house: behold, I set him in thy kingdom, and thy power and thy glory and

thy delicacy he takes possession of; that thou mayest know that the God of

heaven hath dominion over the kingdoms of men, and to whomsoever He

willeth he shall give it. To the rising of the sun another king shall rejoice in

thy house and shall possess thy glory and thy might and thy dominion.” The

differences between the Massoretic and Theodotion are inconsiderable.

The Peshitta adds the clause, “wet with the dew of heaven,” to the

description of the humiliation of Nebuchadnezzar; and to the account of

the supremacy of the God of heaven adds, “and raises to it the humble

man.” This latter clause seems like a faint echo of the more precise

statement of the Septuagint.  The Vulgate differs here only as in the former case,

omitting the causative. The reference in the Septuagint to a special person in the

house of Nebuchadnezzar, exalted upon his throne, appears to support an

idea thrown out by Lenormant. Neri-glissar, the son-in-law of

Nebuchadnezzar and the successor of Evil-Merodach, claims to be the son

of Bel-zikir-iskun, King of Babylon (Lenormant, ‘La Divination,’ 204), but

in the list of Ptolemy there is no such name; hence Lenormant imagines that

this Belzikir-iskun usurped the throne for a short while, too short to be in

the canon of Ptolemy. There is no trace of such a usurpation in the contract

tables. Rawlinson’s hypothesis is difficult to believe. It is that this Belzikiriskun

was king in Babylon before the fall of the Assyrian Empire, before

Nabepolassar. But from the accession of Nabopolassar to the death of Evil-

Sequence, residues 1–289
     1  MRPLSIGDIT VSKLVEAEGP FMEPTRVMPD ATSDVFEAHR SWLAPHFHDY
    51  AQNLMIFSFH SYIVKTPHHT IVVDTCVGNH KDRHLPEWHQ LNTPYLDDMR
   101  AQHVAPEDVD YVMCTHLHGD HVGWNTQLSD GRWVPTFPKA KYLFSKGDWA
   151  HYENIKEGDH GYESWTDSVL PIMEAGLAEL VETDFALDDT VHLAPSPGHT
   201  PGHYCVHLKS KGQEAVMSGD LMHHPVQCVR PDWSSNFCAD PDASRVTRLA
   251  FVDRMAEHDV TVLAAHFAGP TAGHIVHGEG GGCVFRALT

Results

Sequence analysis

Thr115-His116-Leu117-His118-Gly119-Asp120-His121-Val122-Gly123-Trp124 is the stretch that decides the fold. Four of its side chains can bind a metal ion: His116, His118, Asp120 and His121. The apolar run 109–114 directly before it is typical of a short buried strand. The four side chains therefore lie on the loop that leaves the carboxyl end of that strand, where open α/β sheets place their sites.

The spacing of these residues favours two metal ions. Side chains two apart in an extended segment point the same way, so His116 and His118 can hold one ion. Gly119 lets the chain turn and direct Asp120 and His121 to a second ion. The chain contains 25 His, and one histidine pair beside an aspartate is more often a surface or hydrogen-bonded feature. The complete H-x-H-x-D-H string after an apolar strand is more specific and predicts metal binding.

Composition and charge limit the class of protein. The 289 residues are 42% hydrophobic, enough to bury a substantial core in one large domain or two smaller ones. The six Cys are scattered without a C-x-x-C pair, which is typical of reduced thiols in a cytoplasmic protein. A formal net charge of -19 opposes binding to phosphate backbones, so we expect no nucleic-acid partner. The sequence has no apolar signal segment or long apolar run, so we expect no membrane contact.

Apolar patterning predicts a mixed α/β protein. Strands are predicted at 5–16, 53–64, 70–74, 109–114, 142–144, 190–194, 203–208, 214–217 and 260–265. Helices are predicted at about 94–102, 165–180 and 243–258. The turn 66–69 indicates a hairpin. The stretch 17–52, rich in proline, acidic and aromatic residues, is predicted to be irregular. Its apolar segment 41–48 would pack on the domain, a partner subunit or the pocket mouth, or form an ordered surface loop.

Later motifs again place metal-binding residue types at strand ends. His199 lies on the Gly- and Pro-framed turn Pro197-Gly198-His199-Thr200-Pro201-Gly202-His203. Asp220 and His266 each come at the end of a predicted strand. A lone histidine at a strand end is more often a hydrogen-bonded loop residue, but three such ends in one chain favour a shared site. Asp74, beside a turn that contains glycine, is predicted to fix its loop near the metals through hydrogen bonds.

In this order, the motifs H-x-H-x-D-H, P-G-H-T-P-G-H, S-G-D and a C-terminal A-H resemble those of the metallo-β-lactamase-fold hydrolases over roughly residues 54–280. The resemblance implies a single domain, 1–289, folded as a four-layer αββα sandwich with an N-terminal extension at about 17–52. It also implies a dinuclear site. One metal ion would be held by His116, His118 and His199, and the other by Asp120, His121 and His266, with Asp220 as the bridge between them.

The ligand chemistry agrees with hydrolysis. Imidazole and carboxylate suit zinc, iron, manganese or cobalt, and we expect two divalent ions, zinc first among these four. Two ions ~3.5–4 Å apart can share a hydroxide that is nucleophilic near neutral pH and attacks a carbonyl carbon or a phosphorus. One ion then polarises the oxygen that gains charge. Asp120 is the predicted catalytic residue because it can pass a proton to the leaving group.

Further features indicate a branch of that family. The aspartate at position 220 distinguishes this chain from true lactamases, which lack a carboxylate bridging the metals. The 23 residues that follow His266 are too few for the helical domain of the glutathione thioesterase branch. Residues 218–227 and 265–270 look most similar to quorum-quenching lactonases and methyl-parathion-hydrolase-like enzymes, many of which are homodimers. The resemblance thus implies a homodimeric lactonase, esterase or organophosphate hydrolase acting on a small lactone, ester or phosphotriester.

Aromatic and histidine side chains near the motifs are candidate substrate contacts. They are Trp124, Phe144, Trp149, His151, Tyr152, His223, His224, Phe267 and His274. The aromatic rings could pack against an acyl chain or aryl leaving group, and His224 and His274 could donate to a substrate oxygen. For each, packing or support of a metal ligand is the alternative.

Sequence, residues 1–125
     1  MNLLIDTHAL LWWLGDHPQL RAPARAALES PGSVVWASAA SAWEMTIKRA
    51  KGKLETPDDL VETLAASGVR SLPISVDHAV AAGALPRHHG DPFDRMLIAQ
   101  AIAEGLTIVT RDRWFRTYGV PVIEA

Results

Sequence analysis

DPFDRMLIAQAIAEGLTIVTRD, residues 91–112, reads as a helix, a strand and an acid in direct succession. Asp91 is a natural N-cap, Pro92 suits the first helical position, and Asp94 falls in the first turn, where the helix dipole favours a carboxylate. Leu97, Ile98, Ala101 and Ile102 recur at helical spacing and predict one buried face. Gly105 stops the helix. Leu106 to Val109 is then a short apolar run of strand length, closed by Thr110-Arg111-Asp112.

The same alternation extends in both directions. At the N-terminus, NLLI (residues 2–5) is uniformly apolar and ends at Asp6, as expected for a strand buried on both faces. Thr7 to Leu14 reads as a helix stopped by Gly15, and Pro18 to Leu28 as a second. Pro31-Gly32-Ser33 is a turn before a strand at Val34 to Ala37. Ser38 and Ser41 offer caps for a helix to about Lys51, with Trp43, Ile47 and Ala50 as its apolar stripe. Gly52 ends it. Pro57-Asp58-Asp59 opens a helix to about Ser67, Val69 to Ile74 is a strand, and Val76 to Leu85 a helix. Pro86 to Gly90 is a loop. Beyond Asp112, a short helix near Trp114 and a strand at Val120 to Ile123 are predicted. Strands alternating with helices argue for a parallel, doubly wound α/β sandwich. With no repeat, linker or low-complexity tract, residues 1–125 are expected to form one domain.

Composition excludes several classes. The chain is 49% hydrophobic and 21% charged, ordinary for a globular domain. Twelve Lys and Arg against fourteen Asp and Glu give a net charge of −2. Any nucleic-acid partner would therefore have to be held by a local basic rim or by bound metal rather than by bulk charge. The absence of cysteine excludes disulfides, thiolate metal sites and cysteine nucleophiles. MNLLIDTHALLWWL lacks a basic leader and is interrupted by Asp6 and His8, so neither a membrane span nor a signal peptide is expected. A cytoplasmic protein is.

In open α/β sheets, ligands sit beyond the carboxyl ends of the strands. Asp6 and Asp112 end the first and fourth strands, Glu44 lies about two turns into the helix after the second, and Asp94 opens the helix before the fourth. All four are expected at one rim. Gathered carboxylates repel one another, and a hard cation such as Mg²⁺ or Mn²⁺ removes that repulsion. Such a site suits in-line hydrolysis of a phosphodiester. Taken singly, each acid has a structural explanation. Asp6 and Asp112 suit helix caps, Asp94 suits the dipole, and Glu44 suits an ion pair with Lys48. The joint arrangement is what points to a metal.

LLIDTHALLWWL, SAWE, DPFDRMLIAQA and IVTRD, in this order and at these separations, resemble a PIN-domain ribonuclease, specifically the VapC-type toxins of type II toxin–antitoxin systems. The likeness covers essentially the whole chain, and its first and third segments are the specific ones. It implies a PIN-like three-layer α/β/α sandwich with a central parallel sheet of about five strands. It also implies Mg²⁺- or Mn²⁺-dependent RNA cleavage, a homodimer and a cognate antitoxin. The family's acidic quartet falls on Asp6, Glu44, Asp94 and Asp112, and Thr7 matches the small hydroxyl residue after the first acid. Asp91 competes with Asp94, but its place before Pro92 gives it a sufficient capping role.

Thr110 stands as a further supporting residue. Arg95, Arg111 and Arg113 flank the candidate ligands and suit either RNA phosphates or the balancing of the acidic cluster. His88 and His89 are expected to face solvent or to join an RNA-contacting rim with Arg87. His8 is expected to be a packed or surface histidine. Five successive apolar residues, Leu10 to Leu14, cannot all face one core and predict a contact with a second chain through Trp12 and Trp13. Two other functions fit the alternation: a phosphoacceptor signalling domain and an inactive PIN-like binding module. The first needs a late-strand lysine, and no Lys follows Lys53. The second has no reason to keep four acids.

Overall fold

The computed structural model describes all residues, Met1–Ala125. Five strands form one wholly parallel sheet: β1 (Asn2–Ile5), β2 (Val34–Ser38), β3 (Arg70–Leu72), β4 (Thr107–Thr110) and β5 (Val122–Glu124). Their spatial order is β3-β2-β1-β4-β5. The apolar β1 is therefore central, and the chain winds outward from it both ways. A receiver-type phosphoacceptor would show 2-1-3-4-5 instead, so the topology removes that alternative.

Merodach is sixty-five or sixty-six years. A man of the age implied was

little likely to take part in a revolution or leave behind him an infant son. It

is difficult to decide, but it must be admitted that Lenormant’s position is at

all events a possible solution of the question.


33 “The same hour was the thing fulfilled upon Nebuchadnezzar: and he was

driven from men, and did eat grass as oxen, and his body was wet with the

dew of heaven, till his hairs were grown like eagles’ feathers, and his nails

like birds’ claws.”   The verse that is placed as parallel with this in the Septuagint

differs very considerably. There this verse is still part of the proclamation of the

angel, “Early shall all these things be completed upon thee,

Nebuchadnezzar, King of Babylon, and nothing shall be awanting of all

these things.” This verse is properly without a correspondent in the

Massoretic text. The next verse resumes the proclamation, “I

Nebuchadnezzar King of Babylon was bound seven years, and they fed me

with grass as an ox. I ate from herbs of the earth.” Then after a verse which

Tischendoff marks as an interpolation, but which really is a misplaced

doublet, we have a continuation of v. 30 (33 Authorized Version), “And

my hairs became like feathers of an eagle, and my nails like those of the

lion, and my flesh and my heart were changed, and I walked naked with the

beasts of the earth.” The fact that this is longer than the Massoretic text is

decidedly against it. It seems to be a paraphrastic rendering of a text

somewhat similar to the Massoretic. On the other hand, the fact that it

retains the first person makes it at least possible that the condensation of